Microsoft store exists only behind closed doors


REC offers a model to improve shopping experience for customers

To the frustration of some of its fans, Microsoft Corp. has consistently said it will not open any flagship stores.

But in a Redmond warehouse, marked only with the initials "REC" on its doors, Microsoft has built a multimillion-dollar model of what a hypothetical Microsoft store could look like.

The construction is exact. There are listed hours on the automatic sliding doors, a break room complete with lockers, and prices attached to the various Xboxes, mice and Windows Vista-powered personal computers.

The concept store, which Microsoft calls the Retail Experience Center, has two goals: Showcase various displays that retailers and computer makers can replicate, and demonstrate how Microsoft technology can work in a store environment.

Construction started in March and the 20,000-square-foot facility opened within six months. Already, many major retailers have toured it.

For too long, said Bill Brownell, Microsoft's general manager of worldwide retail services, Microsoft allowed retailers and computer makers to control how PCs running Microsoft software are displayed.

"We're not planning to open stores, but we need to learn more about stores," he said. "We need to take more of a leadership role."

"Retailers have lost their way," said Parisa Zander, Microsoft's director of worldwide merchandising, store design and the Retail Experience Center.

Zander said many retailers still display PCs in a way that makes customers feel like thieves. Bars with locks are placed across keyboards, making it difficult for customers to pick up computers. The PCs are put on unattractive metal or carpeted shelving. And they often are placed at the wrong height level.

In order to make a compelling case for change, the various bold displays at the Retail Experience Center have gone through various focus groups.

"It's not just (that) we think so," Brownell said.

So, for instance, Microsoft has grappled with questions such as how to best sort and display PCs on the floor of a store. By price? By screen size? By model?

Microsoft routinely sets focus groups loose in the store, asking them what they would buy and why.

For retailers, Microsoft has a set of displays that they can duplicate or customize, with Microsoft's help.

"If they want to follow the whole Windows look, they can," Brownell said.

The "whole Windows look," which is set up in the center of the Retail Experience Center, includes light faux-wood tables, grand arches (to conjure windows) and yellow lamps with the Windows logo embedded in them.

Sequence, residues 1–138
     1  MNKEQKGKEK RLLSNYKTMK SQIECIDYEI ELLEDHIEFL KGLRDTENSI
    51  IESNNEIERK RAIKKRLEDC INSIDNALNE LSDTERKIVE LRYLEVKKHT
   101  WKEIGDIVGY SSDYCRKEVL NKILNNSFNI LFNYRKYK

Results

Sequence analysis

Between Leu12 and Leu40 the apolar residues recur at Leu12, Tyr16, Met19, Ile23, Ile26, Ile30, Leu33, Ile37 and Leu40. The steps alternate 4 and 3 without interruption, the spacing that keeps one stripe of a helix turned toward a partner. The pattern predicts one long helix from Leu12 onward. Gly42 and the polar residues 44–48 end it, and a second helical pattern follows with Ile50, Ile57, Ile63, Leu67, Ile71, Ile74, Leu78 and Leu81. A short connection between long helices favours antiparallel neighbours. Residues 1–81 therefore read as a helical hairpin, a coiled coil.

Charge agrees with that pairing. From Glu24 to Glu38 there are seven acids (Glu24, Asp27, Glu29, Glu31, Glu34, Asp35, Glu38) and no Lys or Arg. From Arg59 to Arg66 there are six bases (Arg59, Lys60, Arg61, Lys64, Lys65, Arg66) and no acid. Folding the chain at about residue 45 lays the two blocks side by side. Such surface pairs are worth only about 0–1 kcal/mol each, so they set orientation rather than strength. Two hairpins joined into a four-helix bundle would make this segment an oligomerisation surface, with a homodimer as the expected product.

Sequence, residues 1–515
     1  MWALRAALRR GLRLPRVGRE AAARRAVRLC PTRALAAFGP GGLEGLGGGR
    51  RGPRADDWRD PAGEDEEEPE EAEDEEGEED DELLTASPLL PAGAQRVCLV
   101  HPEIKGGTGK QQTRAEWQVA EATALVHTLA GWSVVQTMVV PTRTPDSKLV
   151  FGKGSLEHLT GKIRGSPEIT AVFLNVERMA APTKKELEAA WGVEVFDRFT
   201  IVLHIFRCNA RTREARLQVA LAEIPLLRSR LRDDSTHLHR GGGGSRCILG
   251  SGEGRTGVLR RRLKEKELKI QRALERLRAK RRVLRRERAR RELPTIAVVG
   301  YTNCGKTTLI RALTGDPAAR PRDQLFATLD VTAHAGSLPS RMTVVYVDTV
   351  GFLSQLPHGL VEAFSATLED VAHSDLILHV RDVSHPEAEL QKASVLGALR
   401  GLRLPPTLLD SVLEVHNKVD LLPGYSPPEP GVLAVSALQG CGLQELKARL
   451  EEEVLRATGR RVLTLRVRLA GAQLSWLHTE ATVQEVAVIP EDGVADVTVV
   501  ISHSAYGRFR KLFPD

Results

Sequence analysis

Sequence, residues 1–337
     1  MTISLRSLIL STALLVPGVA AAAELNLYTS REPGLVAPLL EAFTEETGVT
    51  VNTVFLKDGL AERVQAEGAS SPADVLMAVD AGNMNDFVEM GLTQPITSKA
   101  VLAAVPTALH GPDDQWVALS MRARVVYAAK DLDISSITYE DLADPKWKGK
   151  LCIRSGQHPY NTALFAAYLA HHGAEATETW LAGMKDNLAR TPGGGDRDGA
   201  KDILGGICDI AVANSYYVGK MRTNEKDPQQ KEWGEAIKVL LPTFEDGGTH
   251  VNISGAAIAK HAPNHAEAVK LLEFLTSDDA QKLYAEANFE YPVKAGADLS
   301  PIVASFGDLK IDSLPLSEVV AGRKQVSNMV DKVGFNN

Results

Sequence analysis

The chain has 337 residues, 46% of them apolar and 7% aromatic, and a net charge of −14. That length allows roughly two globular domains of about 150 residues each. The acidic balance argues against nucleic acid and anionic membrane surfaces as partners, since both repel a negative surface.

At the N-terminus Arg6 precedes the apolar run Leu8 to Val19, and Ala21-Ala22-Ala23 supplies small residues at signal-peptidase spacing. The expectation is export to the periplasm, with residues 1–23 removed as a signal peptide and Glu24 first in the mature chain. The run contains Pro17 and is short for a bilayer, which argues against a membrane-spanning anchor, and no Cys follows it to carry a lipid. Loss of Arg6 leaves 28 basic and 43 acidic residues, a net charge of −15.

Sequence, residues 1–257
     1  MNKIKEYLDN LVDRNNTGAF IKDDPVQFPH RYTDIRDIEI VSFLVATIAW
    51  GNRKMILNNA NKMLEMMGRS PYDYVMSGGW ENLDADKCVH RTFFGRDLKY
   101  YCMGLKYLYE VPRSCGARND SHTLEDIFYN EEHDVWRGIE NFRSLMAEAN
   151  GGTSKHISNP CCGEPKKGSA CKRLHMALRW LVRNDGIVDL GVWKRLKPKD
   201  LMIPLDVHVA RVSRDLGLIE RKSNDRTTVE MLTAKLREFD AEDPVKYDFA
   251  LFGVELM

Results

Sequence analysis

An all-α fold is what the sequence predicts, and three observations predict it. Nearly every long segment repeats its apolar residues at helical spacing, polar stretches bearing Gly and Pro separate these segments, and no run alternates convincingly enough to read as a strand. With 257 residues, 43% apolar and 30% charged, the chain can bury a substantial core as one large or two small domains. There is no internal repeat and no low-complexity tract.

But retailers also can use simpler solutions.

"You don't have to use the exact model, but the fundamentals," Brownell said. "You can do little things."

So, there are several options in a corner.

First, to give retailers a sense of what not to do, Microsoft has re-created an actual display from an unnamed U.S. store.

It includes several turned-off PCs on carpeted shelves, surrounded with accessories -- CD packs, computer bags, software. It all competes for the shopper's attention.

An alternate approach on display: Activate the PCs and add only "key" items around them, such as packages of the Vista operating system, Microsoft Office or CDs.

Or, put in some fake wood lining below the PCs. Or not only put in the fake wood lining, but also put simple frames around each of the PCs on display.

Microsoft does not own stores nor does it sell PCs, so it can't completely dictate how computer makers sell their wares or how retailers present them.

"A few want their own way," Brownell said. Mostly, though, he said, there "has been a huge amount of support."

Microsoft, he said, had made other moves to get closer to the stores where its products are sold. The company has put 150 "gurus" in shops across the U.S. to give demonstrations and answer questions about PCs as well as Microsoft products.

And, in fact, the "break room" in the Retail Experience Center exists to show how Microsoft "gurus" can build relationships with store personnel, by giving away free Microsoft paraphernalia as well as pizza.

An online site displayed on a big screen there also shows how store personnel can get free Microsoft wares if they take the time to learn a little more about Microsoft products online.

The back end of the Retail Experience Center is run by Microsoft technology that any store can adopt.

Microsoft technology, for instance, ensures that it is easy to power off and power on the 100- plus PCs in the center, said Tim Gruver, the worldwide director, retail technology strategy, at Microsoft.

And many items feature Tag, a bar code scanning technology that Microsoft released two weeks ago at the Consumer Electronics Show in Las Vegas.

Tag allows customers to scan a colorful bar code -- called a "Tag" -- with their cell phones to look up more information about a product (Gruver said that one "very, very large" retailer was planning a prototype of scavenger hunts using Tag in some stores).

Even though it's Microsoft's showroom, there are signs of its rival.

In a room to the side, Microsoft has re-created a bit of an Apple store.

Brownell would not say much about it.

"We play with our competitor," he said.


No comments: